When the oldest league in football makes a decision like this, it has far-reaching implications. We can see the day when natural grass fields in many parts of Australia where rainfall is at a premium are the exception rather than the rule.
Perth, Western Australia (PRWEB) December 12, 2012
Recently, the Football Association handed down a decision to allow artificial pitches in FA Cup qualifying rounds, according to an article from the BBC website. Whilst it is a big step forward it must be remembered that at this stage the decision is only a partial victory for those in favour of artificial turf, as it is only valid for the qualifying rounds.
The strongest support for artificial pitches came from League One and League Two. The clubs in the lower divisions do not have the financial support of clubs in the top leagues and so they see the large financial benefit to installing an artificial pitch. In April, the FA solicited input from everyone connected with the FA, including the Premier League, the League Managers Association, the Professional Footballers’ Association, and even the fans.
According to Accrington Stanley Chief Executive Rob Heys, “I am very pleased.” He continued, “The Football League might be one of the oldest leagues in the world but it is very forward thinking.”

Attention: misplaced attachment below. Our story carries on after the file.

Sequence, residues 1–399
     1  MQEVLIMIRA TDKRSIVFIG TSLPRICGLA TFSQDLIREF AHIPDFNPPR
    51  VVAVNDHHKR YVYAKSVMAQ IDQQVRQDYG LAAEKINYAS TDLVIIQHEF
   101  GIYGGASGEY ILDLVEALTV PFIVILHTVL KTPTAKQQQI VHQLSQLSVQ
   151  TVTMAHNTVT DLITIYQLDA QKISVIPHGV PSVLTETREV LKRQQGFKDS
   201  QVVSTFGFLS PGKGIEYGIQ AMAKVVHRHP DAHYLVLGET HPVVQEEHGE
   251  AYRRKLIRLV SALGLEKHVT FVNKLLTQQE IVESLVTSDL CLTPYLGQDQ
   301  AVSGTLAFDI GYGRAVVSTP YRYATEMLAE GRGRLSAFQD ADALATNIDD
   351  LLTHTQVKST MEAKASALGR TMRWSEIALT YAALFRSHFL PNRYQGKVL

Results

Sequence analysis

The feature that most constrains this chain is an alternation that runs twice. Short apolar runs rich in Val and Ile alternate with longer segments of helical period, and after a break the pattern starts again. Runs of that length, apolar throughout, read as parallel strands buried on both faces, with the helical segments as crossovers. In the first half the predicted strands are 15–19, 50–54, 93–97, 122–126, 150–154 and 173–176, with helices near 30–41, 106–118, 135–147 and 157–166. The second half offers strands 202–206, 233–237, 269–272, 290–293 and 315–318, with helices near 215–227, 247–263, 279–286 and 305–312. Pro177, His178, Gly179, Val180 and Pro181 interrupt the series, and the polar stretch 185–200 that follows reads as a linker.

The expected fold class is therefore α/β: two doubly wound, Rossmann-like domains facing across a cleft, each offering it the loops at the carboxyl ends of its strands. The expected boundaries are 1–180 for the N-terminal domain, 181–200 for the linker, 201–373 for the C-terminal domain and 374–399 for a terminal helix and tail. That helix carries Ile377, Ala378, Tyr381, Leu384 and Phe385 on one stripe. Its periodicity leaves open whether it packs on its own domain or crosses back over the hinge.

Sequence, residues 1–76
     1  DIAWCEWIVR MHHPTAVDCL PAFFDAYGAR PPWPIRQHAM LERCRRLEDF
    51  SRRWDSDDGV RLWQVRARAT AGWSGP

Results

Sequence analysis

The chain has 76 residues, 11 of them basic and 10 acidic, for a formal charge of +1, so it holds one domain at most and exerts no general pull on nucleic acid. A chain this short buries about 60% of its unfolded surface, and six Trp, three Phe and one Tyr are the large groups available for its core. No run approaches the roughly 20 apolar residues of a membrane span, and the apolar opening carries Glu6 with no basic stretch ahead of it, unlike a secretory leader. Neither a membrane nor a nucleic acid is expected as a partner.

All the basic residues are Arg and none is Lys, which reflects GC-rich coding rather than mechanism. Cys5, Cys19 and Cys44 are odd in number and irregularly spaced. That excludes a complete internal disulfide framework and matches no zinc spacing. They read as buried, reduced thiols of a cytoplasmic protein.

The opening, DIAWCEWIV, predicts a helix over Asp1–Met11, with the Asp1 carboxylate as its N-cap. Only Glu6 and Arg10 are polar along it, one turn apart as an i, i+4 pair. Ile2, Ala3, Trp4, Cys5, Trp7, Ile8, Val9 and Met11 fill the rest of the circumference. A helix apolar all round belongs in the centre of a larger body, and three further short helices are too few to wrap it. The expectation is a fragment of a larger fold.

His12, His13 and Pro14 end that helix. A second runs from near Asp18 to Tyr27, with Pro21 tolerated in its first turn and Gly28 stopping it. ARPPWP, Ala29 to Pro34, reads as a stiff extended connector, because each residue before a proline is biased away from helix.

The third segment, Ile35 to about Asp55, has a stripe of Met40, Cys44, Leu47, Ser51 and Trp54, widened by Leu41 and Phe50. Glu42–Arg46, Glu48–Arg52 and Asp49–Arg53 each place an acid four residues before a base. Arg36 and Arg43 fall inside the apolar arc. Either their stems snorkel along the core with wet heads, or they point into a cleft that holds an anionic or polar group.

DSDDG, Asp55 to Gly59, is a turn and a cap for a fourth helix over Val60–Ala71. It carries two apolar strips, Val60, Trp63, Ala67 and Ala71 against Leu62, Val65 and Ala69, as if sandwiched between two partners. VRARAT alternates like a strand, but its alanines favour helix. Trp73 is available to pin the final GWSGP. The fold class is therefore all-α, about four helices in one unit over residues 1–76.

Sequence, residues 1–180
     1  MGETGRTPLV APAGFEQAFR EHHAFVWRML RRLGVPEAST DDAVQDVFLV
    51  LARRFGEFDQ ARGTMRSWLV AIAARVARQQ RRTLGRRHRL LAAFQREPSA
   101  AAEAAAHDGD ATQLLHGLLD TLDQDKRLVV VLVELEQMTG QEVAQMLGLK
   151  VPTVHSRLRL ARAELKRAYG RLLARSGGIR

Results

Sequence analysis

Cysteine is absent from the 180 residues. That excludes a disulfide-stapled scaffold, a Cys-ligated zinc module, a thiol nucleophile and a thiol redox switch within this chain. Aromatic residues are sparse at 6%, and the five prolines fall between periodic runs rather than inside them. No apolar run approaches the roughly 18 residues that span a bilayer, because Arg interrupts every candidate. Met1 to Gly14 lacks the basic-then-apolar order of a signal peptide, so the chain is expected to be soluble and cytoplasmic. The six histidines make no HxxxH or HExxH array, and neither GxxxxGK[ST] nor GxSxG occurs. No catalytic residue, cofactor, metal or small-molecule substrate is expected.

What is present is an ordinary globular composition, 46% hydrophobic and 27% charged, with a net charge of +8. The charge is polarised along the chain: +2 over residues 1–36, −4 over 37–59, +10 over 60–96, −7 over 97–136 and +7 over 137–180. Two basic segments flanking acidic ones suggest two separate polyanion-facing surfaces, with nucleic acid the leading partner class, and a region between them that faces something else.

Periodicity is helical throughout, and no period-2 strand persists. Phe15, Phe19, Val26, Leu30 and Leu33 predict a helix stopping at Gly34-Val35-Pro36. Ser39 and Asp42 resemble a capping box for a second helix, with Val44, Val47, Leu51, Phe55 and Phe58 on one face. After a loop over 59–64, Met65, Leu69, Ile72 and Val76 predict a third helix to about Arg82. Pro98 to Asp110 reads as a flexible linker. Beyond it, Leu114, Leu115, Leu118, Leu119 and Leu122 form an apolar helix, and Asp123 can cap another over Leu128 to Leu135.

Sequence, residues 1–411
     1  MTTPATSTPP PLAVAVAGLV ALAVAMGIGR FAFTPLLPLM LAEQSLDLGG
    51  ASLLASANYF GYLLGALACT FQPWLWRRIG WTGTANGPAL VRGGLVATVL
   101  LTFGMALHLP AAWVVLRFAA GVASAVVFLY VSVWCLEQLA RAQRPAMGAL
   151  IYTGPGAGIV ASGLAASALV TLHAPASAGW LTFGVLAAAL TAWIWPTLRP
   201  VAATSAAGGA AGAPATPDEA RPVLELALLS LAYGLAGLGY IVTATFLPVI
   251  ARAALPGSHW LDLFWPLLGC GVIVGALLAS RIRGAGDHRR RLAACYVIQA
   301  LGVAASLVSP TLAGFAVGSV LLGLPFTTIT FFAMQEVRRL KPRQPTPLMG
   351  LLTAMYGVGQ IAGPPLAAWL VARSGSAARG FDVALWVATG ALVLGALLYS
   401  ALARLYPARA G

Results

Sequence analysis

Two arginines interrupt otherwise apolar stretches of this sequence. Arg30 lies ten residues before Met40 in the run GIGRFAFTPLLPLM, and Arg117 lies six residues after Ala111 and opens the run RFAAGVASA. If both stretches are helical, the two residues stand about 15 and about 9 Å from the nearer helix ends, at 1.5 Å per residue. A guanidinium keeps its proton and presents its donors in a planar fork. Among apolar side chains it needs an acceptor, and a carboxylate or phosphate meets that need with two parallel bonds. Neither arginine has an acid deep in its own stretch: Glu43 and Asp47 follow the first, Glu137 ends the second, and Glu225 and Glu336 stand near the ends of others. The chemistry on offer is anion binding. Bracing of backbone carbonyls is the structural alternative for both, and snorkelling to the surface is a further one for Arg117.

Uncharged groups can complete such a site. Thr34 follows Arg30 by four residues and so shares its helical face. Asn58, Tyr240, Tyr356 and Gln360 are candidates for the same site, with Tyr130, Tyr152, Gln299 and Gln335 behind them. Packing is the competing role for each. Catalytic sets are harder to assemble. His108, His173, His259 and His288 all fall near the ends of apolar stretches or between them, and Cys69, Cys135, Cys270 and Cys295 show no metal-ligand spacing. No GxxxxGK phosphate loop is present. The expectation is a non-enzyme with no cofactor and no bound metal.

Heys also mentioned that a lot of time had been put into discussing the issue, and that there was a “definite drop in opposition” to artificial pitches.
Artificial surfaces were originally banned by the FA in 1988, and the last grandfathered surface was removed in 1994. However, a lot has changed since 1994. Technology has improved artificial surfaces immensely, and more and more communities are seeing the benefits of reduced maintenance costs when using artificial turf in other venues.
Heys is of the opinion that artificial turf is a huge money-saver for clubs and communities, due to reduced maintenance costs and increased availability. Heys is particularly enamoured of the ability of clubs to use artificial pitches for training and not just matches. It also allows communities to lease the pitches out when the FA teams aren’t using them, with no damage to the pitches.
Justin Everley, Director of Green Planet Grass, a Perth synthetic turf specialist, feels that whilst the decision is a little overdue, it is a step in the right direction: “I can understand why they banned artificial turf in 1988. Most surfaces were too hard, caused increased injuries to players and didn’t play like natural grass. However the latest FIFA endorsed pitches, provide a very similar playing experience, are arguably better for the players to play on from an injury prevention perspective and allow clubs to use them all day everyday. When you add in the astronomical cost of maintaining a natural grass field, artificial pitches make sense.”
Everley concluded, “When the oldest league in football makes a decision like this, it has far-reaching implications. We can see the day when natural grass fields in many parts of Australia where rainfall is at a premium are the exception rather than the rule.”
Green Planet Grass is a synthetic grass specialist based in Perth. They make a full line of residential, sports, and industrial synthetic grass for various purposes. For more information, visit their website: http://www.greenplanetgrass.com.au/ or call them at 08 9209 2669 for a free measure and quote.